This incredible, one-of-its-kind 45 year old was created for this year's Distillers One of One Auction, hosted by The Worshipful Company of Distillers, with proceeds benefitting the Distillers’ Charity.
It’s our oldest expression to date. I was lucky enough to attend the auction and to see it go under the hammer for £68,750. It's a spectacular whisky, made all the better for knowing every penny will go towards supporting youth charities in Scotland.
Every distiller we know speaks of their ‘house style’ of unaged, new-make spirit. What is yours?
We’re a bit of a misnomer in the trade; the equipment we make whisky with can’t be found in most distilleries.
It’s very close to the original kit that would have been used back in the early days, and includes old-school ‘worm tub’ spirit condensers that most distilleries threw out yonks ago.
Then there’s the design of our stills. They’re not tall and slender, like the ‘swan neck’ stills you’ll see on most distillery tours.
Ours are squat and bulbous, a shape reflected in our bottle design. They limit copper contact with the spirit, allowing it to retain heavier, more ‘muscular’ flavour compounds which are usually stripped away. This is what gives our unaged, ‘new make’ spirit its big beefy, oily, and slightly sulphury character.
As for maturing that raw, unaged spirit, there seems to be split opinion on whether where you store a cask imparts the flavour profile of the whisky within it. What’s your take?
It has a huge influence. Folk love our whisky for its subtle coastal, almost briny profile, and that comes from how we mature our whisky.
Our casks rest just a few hundred yards up from the coast, exposed to the sea air that blows year-round off the North Sea. As oak is porous, the wood breathes it in.
Ask anyone who has visited Wick and they’ll tell you that the word windswept isn’t just for our marketing materials. On most days, you’ll experience an invigorating blast of salty air that, over time, layers itself into our spirit. You’ll find that sea air in every single bottling of ours.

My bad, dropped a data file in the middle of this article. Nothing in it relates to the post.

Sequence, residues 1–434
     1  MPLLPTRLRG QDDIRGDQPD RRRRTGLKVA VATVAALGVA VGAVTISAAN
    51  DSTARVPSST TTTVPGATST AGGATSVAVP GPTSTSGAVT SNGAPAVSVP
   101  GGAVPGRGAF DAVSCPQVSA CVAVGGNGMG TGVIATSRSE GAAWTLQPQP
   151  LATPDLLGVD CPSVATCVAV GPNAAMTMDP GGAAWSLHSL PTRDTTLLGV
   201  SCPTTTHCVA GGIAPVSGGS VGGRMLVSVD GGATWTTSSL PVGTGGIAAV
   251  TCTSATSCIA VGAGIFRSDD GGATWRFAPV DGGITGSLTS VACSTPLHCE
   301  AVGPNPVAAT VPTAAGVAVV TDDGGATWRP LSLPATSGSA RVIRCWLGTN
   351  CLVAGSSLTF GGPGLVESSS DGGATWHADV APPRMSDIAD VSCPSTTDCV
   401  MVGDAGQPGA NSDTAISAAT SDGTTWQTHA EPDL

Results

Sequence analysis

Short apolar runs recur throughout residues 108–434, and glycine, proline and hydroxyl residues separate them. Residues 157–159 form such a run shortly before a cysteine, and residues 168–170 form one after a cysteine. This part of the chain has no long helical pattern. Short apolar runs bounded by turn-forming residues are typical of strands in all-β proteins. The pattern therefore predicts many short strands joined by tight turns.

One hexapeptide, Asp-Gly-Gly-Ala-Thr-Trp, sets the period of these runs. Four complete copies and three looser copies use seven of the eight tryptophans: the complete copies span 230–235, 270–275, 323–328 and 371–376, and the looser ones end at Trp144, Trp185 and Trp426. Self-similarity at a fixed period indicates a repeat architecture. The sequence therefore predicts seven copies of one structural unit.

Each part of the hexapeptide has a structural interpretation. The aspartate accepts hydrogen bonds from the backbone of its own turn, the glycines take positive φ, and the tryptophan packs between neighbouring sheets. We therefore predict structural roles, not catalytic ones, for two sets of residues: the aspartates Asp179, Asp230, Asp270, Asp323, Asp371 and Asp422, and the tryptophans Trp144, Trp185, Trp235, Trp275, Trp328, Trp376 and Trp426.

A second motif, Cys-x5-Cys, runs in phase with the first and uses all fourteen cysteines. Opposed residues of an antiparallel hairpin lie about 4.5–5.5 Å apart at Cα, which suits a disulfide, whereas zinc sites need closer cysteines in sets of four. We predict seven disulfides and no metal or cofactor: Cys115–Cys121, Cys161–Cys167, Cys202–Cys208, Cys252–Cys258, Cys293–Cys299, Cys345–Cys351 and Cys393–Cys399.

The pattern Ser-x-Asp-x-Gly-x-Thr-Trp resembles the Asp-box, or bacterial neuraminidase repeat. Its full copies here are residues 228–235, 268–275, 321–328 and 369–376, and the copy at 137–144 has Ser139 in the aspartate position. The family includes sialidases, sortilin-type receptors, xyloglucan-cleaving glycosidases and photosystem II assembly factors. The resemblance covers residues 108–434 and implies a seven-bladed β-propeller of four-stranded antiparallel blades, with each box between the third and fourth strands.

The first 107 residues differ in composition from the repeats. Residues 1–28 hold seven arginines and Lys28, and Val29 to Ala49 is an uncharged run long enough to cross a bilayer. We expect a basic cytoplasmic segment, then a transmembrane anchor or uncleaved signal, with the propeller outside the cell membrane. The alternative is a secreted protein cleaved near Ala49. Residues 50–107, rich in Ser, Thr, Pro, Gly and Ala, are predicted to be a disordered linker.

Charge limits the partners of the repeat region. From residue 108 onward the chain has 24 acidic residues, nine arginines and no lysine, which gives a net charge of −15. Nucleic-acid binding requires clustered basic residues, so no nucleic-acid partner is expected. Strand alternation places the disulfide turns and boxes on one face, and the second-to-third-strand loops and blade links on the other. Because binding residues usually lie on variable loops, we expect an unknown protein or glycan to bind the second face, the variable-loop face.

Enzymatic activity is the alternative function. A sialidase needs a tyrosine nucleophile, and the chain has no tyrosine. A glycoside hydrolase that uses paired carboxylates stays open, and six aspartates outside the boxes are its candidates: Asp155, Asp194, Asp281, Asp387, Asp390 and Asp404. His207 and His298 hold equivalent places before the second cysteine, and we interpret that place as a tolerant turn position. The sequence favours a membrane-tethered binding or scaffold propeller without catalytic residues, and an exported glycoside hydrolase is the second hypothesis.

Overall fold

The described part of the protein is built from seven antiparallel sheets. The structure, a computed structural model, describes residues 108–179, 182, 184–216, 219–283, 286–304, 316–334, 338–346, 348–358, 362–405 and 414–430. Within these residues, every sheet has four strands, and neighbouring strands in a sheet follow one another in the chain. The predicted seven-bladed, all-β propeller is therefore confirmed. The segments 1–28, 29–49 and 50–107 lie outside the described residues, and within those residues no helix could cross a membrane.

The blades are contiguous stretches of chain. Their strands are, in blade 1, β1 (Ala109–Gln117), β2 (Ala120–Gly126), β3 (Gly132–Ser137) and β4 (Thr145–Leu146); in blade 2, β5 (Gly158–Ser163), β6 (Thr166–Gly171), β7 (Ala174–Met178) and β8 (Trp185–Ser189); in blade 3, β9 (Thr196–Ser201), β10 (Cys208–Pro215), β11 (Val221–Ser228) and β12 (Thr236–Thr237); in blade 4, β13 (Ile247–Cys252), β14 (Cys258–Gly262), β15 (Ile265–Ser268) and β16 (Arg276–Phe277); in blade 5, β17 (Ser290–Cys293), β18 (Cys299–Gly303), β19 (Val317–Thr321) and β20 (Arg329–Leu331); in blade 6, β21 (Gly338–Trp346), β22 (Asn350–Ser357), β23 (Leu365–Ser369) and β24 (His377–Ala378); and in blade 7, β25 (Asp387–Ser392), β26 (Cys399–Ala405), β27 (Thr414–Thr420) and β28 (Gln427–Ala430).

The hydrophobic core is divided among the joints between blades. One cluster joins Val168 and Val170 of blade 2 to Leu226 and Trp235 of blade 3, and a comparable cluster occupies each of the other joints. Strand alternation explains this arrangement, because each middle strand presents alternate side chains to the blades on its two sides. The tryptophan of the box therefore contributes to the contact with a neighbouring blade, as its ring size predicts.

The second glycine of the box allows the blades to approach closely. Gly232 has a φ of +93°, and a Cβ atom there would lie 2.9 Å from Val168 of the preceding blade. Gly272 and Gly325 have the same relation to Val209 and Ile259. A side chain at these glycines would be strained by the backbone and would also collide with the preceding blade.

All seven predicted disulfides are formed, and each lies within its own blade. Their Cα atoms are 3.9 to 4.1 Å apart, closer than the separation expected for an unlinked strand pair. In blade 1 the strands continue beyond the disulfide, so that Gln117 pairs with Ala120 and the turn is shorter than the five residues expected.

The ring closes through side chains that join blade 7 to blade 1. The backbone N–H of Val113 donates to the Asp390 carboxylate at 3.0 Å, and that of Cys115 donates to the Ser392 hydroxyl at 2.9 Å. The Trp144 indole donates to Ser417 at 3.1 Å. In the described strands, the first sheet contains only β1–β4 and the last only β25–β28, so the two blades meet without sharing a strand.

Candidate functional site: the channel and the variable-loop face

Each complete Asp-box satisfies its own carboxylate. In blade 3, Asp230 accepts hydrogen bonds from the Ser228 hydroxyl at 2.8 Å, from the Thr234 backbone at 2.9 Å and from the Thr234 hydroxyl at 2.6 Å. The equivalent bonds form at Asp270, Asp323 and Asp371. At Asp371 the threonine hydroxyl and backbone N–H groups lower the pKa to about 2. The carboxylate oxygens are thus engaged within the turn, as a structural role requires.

And we presume it is that coastal influence which is behind the ‘Coastal Series’ of releases you’ve been working on?
Correct; we’re continually inspired by the maritime influence of our history, and the limited-edition Coastal Series celebrates that brilliantly. It sees us marrying our spirit with casks from other coastal regions around the world.
The first expression was Old Pulteney Pineau des Charentes, which uses casks that once held this sweet aperitif from the Charente-Maritime region. This year, the Coastal Series brings Old Pulteney Port, with our spirit matured in both Ruby Port Pipes and Ruby Port Barriques, casks seasoned by the iconic, sweet, fortified wine native to Portugal's Douro Valley.
There are four expressions in the series, with each being released annually – and the final whisky in the series launching in 2025.
Even by Scottish standards, Wick is remote. We presume you need a tight-knit group of locals to keep the distillery running?
There’s a way of doing things in Wick which you pick up if you live in somewhere as remote as this.
From the very start here, folk have had to make do with what they have on their doorstep. To train people locally and pull together to succeed.
It's the same story today. We’re a strong, tight knit community and the distillery plays an integral part in our hometown. We’ve also always looked after our local environment, with things like our district heating scheme and programmes to conserve water in the local loch from which we source our water.
And we don’t do all of that for good headlines; we do it because it's the right thing to do. This is our home and we look after it.
For more information, see oldpulteney.com